Council of European Municipalities and Regions (CEMR)
European section of United Cities and Local Governments

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Lisbon Treaty - 22.10.2007

The Lisbon Treaty: "a progress for municipalities, regions and Europe"
The Council of European Municipalities and Regions (CEMR) welcomes the Lisbon Treaty as agreed by Europe's heads of states and government in the early hours of 19 October 2007.

Europe's municipalities and regions first and foremost are pleased that an institutional agreement was reached in Lisbon, says CEMR president and mayor and governor of Vienna Michael Häupl. Europe's local and regional government is not interested in semantics, in arguing over whether this treaty amends or replaces previous ones; we view the agreement in Lisbon as positive since it will now enable the European Union to move on to dealing with issues that matter to most Europeans: climate change, public services, the economy...

Furthermore, the Lisbon Treaty preserves all of the key points in the Constitutional Treaty which strengthened the role of the local and regional levels, adds CEMR president. Some three quarters of the EU legislation is implemented by Europe's municipalities; we can therefore only welcome the fact that the new protocol on public services (or services of general interest) underlines the need for the EU to respect the wide discretion of local and regional authorities in the providing, commissioning and organising of our public services. The definition of subsidiarity is extended to include the local and regional levels, which means that the EU should not act where action at local or regional level is appropriate, and the Committee of the Regions of the EU will have the power to go to the Court of Justice if it believes the subsidiarity principle has been breached.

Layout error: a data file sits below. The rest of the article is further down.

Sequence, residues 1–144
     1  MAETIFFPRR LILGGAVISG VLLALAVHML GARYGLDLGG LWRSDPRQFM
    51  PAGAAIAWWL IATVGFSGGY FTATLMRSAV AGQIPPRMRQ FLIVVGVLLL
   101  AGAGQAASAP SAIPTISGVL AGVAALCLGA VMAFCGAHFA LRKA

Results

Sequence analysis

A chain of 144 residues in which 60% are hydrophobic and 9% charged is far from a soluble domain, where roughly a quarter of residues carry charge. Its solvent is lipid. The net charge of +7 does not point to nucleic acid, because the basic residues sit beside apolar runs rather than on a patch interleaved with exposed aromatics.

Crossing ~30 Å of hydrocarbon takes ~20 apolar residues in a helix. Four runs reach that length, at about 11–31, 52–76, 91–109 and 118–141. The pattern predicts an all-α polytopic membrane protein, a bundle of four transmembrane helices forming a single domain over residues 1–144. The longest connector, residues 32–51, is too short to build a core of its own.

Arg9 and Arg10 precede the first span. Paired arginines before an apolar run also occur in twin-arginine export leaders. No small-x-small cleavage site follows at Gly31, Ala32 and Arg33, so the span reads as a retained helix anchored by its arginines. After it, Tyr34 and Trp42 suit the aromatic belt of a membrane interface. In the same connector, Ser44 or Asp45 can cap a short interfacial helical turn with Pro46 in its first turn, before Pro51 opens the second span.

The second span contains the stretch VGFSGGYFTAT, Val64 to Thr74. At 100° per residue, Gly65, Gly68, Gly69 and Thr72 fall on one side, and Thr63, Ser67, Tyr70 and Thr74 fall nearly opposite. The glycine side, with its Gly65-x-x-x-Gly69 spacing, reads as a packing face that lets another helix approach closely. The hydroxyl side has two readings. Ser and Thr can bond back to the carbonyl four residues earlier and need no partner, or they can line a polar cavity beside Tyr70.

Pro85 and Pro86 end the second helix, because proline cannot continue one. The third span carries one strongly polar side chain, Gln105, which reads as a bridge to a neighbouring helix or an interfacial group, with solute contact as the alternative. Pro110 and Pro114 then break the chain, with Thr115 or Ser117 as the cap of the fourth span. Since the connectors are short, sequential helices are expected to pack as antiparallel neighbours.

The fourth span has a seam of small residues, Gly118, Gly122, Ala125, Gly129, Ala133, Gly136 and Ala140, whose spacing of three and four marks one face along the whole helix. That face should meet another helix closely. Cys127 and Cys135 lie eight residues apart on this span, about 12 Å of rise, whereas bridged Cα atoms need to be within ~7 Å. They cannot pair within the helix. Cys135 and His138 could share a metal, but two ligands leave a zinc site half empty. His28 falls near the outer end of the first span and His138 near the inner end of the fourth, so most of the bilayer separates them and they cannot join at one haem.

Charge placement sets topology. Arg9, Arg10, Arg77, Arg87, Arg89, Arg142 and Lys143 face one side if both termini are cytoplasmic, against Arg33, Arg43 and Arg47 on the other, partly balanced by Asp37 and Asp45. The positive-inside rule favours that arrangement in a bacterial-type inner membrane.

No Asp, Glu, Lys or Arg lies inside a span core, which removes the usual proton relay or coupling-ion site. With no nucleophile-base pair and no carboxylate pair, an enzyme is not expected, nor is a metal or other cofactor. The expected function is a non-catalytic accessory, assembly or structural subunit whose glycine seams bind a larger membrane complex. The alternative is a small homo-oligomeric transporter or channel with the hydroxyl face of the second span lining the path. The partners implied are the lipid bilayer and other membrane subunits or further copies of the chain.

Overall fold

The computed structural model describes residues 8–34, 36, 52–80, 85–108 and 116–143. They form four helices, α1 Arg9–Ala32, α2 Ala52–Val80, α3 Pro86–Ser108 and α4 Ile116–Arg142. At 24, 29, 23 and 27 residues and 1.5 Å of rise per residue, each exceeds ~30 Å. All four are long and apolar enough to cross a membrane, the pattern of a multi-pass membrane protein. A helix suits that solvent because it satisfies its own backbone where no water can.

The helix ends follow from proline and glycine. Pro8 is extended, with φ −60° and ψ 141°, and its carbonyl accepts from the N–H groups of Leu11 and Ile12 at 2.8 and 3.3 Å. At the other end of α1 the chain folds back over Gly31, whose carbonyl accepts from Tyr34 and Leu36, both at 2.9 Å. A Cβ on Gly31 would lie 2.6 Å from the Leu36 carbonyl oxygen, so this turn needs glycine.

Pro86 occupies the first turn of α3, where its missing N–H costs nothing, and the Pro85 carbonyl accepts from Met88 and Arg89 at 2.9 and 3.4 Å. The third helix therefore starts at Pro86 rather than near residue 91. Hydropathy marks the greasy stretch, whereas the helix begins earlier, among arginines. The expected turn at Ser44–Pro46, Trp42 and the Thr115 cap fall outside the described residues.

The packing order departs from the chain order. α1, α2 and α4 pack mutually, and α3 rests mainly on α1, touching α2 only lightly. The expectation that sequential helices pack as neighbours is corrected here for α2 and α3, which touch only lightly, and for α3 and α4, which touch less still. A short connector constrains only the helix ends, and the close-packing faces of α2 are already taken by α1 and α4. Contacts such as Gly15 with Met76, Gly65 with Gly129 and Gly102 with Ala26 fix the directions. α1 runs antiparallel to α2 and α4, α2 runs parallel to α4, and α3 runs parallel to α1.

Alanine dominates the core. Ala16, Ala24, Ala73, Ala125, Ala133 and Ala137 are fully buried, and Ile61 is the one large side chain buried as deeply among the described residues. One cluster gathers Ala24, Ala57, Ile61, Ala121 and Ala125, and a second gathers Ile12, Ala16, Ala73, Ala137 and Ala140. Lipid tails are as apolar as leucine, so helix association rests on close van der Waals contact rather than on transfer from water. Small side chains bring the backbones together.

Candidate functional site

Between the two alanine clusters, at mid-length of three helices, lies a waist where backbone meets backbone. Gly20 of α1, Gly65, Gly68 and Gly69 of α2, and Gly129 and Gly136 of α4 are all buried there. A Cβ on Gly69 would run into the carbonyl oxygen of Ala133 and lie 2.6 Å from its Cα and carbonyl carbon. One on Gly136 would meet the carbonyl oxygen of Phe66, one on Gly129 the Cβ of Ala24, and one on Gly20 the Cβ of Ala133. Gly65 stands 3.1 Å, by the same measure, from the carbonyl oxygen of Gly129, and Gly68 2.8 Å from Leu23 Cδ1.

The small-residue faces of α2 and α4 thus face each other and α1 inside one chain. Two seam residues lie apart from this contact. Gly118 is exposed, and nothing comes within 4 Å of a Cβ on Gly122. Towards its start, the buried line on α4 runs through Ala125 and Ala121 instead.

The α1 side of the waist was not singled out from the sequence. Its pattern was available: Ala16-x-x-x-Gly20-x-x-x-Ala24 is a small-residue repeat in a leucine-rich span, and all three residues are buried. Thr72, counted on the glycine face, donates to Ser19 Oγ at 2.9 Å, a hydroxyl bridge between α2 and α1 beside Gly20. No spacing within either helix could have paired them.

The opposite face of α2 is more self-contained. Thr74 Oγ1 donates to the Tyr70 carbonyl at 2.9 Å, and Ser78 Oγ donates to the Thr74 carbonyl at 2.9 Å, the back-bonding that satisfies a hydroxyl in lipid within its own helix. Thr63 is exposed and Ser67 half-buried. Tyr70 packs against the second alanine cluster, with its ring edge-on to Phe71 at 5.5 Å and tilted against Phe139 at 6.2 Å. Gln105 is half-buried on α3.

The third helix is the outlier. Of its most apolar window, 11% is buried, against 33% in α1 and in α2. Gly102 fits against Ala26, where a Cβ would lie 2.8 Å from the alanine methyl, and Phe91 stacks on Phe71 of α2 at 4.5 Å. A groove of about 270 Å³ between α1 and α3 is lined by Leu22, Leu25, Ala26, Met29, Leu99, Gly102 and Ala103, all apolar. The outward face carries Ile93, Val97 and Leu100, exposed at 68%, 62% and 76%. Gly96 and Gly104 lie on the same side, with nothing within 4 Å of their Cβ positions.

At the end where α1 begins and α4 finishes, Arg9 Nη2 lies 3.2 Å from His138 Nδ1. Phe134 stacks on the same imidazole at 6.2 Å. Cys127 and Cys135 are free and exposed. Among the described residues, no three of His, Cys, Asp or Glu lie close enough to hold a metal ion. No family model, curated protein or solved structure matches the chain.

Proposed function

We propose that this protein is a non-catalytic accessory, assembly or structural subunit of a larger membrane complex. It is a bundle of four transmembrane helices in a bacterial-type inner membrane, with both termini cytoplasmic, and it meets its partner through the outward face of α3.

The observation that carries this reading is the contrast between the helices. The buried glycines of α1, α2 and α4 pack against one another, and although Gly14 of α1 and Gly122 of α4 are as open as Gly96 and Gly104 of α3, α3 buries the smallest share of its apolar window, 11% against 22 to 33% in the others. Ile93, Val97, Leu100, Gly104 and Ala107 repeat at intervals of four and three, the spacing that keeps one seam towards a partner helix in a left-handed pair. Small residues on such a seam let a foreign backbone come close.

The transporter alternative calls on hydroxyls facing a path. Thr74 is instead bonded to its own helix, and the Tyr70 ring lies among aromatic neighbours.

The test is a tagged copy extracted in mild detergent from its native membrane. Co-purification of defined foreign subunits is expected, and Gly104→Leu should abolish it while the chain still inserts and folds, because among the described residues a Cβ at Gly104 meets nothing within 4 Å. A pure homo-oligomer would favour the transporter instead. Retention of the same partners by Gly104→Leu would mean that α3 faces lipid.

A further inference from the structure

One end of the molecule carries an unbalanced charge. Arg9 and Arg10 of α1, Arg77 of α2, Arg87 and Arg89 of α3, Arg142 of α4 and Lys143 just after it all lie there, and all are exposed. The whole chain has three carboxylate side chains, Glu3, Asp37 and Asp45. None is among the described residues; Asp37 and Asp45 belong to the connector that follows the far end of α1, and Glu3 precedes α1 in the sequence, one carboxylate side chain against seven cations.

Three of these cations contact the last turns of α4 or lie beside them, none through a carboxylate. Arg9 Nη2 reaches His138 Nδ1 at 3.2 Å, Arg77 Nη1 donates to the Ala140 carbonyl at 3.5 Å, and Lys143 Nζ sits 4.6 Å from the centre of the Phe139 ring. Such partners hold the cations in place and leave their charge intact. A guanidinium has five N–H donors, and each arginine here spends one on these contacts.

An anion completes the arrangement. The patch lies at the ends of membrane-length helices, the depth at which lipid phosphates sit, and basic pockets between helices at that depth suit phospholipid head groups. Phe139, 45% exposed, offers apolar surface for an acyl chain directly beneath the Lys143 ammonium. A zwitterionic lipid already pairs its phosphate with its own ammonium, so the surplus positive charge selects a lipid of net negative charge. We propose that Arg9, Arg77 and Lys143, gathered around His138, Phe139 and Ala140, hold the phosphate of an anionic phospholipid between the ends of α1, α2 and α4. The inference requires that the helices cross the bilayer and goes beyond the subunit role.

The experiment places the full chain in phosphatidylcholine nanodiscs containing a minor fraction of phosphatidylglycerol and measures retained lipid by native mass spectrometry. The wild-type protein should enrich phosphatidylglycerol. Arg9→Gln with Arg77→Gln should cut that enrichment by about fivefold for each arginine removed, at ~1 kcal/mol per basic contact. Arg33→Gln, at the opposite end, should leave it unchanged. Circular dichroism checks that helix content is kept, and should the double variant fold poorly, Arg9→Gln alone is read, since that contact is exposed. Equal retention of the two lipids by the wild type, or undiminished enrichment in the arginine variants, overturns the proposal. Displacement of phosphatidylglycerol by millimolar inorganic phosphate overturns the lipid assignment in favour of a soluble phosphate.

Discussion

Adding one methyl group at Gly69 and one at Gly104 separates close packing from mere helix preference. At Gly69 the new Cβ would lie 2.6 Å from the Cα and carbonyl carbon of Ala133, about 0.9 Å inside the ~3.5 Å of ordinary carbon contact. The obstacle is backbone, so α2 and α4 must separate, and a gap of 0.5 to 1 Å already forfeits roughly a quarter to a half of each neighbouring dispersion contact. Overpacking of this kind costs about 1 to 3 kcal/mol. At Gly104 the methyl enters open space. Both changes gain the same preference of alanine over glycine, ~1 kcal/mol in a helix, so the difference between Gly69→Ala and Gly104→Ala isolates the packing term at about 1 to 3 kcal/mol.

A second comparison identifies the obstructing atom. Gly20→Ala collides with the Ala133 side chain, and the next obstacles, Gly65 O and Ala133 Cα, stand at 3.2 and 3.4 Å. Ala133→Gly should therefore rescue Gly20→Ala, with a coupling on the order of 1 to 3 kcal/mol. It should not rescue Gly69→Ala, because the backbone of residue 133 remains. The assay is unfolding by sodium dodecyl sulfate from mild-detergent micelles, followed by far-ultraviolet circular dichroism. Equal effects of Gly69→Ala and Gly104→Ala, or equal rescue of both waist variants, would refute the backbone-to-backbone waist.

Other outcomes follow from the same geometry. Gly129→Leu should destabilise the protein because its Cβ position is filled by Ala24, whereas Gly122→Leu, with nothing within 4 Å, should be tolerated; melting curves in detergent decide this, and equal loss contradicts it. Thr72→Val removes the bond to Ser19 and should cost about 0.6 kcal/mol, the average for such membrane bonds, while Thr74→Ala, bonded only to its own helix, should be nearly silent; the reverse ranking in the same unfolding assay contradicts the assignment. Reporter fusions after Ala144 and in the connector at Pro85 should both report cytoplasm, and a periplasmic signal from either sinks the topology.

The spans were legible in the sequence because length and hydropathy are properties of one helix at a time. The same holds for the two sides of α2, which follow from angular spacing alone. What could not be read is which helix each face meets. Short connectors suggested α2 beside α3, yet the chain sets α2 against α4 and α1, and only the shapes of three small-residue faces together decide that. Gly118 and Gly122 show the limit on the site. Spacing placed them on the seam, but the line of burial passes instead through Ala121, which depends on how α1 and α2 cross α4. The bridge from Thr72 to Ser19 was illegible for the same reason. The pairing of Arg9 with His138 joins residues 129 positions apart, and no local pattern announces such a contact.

Other key points specifically for local and regional government that are included in the new Treaty are:
  • More effective consultation of local and regional government, and their associations, including a duty on the European Commission to minimize the financial and administrative burdens in any new legislation;
  • The objectives of the EU would include territorial as well as economic and social cohesion - this means a greater focus on the impact of European laws and policies on the ground in our regions and cities, as well as on whole countries.
The new treaty will now have to be ratified in all 27 member states ahead of the European elections in June 2009.
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